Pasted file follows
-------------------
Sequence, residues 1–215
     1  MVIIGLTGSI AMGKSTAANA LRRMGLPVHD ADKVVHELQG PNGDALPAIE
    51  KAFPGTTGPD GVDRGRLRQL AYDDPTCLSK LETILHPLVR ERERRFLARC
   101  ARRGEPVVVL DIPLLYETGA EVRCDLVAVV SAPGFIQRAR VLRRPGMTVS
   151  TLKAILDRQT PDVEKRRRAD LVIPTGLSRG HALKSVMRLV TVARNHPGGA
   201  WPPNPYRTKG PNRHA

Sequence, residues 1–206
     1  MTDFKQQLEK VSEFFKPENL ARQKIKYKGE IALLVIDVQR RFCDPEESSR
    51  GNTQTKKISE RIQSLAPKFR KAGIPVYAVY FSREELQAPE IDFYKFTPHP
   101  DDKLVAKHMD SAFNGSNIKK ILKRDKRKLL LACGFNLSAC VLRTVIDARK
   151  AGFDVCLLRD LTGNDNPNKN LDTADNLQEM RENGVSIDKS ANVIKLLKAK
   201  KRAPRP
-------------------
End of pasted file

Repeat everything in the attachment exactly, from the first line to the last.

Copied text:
Sequence, residues 1–215
     1  MVIIGLTGSI AMGKSTAANA LRRMGLPVHD ADKVVHELQG PNGDALPAIE
    51  KAFPGTTGPD GVDRGRLRQL AYDDPTCLSK LETILHPLVR ERERRFLARC
   101  ARRGEPVVVL DIPLLYETGA EVRCDLVAVV SAPGFIQRAR VLRRPGMTVS
   151  TLKAILDRQT PDVEKRRRAD LVIPTGLSRG HALKSVMRLV TVARNHPGGA
   201  WPPNPYRTKG PNRHA

Sequence, residues 1–206
     1  MTDFKQQLEK VSEFFKPENL ARQKIKYKGE IALLVIDVQR RFCDPEESSR
    51  GNTQTKKISE RIQSLAPKFR KAGIPVYAVY FSREELQAPE IDFYKFTPHP
   101  DDKLVAKHMD SAFNGSNIKK ILKRDKRKLL LACGFNLSAC VLRTVIDARK
   151  AGFDVCLLRD LTGNDNPNKN LDTADNLQEM RENGVSIDKS ANVIKLLKAK
   201  KRAPRP